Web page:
Archives For Political

solar panels, window turbines, clean power

[Editor’s Note: Below is a guest post from Jesse Glicker LEED AP. Formerly, the Special Projects Coordinator at COOKFOX Architects, Jesse is currently a Masters Candidate at UCL’s Energy Institute studying Economics and Policy of Energy and the Environment.]

There is no shortage of news headlines about upcoming changes in the U.S. With the presidential inauguration only just behind us, we are already seeing intense shifts in policy targeting changes in the health care system, immigration reform and the renegotiation of trade deals. In this time of transition it is important not to lose sight of what this means for the environment and the U.S.’s role in fighting global climate change. Under the old administration, climate change was an accepted fact and U.S. environmental policy reflected that.

The Paris Agreement, considered the most ambitious global climate change efforts to date, was signed by 195 nations in December 2016. The agreement shows how serious the international community is about combating climate change.While the United States often claims the position of a leader in global policy, its waning commitment in the transition to a low carbon economy leaves it open to become outpaced by other world powers. The U.S. must remain focused on staying competitive in the high-growth industry of renewable energy and assess the options for doing so with or without federal support in order to remain a leader in this global effort.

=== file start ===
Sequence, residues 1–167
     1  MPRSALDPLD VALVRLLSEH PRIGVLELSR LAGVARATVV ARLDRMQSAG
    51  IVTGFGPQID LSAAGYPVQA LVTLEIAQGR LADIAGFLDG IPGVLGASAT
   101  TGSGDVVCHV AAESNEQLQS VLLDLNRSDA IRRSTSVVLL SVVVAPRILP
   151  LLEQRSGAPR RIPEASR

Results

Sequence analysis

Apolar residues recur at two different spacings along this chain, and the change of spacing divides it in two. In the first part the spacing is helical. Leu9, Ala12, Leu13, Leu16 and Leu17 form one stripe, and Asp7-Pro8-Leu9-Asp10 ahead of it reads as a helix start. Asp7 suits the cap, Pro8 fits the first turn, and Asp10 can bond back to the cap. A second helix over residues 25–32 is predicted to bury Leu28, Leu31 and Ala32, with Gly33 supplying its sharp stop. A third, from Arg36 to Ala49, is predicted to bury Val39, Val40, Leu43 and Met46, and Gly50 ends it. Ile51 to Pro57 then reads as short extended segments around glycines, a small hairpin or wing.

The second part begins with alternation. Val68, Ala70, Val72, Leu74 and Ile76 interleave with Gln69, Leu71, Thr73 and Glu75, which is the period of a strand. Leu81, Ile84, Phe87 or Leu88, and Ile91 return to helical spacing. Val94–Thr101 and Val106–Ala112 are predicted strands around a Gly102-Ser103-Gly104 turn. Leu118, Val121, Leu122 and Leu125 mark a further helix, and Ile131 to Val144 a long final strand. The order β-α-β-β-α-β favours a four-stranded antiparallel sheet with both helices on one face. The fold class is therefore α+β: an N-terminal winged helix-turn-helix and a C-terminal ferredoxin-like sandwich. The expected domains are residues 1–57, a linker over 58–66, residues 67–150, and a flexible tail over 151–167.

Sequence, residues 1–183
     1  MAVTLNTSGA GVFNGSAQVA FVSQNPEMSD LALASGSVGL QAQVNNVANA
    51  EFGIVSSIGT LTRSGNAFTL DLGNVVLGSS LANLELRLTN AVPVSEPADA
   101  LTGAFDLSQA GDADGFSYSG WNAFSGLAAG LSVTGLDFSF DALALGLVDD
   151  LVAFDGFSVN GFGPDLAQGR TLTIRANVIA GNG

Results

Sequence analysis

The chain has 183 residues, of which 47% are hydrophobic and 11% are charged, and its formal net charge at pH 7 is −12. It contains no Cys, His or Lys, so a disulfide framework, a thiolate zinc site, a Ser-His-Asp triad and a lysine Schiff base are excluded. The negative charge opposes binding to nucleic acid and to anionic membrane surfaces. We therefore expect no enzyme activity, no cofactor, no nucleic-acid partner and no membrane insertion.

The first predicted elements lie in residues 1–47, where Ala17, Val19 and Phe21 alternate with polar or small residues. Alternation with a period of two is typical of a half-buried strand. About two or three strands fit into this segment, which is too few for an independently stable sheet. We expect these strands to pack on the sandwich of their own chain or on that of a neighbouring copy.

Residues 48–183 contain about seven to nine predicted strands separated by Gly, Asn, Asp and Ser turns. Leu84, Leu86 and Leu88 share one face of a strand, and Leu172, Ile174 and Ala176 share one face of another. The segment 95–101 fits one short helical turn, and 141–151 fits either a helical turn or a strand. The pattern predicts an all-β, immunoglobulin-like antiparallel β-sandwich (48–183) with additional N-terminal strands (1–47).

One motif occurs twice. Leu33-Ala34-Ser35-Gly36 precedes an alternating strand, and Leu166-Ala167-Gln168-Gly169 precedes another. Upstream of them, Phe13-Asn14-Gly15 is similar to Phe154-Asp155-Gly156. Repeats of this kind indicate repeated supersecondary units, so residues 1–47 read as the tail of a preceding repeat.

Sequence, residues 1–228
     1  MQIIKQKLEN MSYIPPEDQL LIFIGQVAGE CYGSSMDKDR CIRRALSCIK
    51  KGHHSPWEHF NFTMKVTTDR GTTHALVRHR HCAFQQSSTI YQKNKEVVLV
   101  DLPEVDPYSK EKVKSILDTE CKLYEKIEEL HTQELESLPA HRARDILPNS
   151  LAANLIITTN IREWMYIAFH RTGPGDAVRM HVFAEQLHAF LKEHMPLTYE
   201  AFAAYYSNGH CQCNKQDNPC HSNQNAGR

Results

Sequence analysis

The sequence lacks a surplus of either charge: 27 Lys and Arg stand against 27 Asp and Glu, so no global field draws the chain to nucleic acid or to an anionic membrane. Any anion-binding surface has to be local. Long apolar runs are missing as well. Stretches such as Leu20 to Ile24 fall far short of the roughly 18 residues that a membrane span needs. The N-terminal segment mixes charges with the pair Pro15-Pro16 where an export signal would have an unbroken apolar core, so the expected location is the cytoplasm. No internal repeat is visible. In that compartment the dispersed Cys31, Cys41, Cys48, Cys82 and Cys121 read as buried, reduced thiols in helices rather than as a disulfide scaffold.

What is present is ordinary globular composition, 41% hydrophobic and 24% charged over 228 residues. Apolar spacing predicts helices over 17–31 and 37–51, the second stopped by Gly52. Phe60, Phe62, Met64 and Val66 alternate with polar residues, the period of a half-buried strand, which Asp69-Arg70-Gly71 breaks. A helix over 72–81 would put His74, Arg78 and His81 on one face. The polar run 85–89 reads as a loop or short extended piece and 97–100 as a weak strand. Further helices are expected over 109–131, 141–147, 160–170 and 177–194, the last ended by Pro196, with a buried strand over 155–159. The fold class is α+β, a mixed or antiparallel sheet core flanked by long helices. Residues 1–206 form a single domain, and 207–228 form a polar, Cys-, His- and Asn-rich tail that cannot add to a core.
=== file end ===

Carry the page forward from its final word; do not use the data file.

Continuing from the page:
Continue Reading…

DCP retail bambinoOne of the results of an increasingly national, if not international, economy is the rise of larger organizations to outbid smaller competitors with standardization and greater access to resources. We can see it everywhere from the clothes we wear, to the homes we buy and the food that we eat. One vibrant battleground is the retail environment where more and more small business owners can wind up being unable to compete with larger entities for survival in the face of rising rents. Contrary to popular belief, in order for more privately owned shops to survive (and the contribution they provide), neighborhoods need proactive measures of support rather than counting on market forces to do all the heavy lifting. Continue Reading…

nyc zoning astoriaHistorically, zoning codes were written to help guide development with broad strokes of organizational strategy. In dense urban environments this could be to help toggle building height and setbacks to maintain adequate light and air to the street. For suburban areas, zoning has grown to build in aspects of space and privacy by spreading buildings apart. In either case, zoning can have a profound effect on the outcome of the built environment.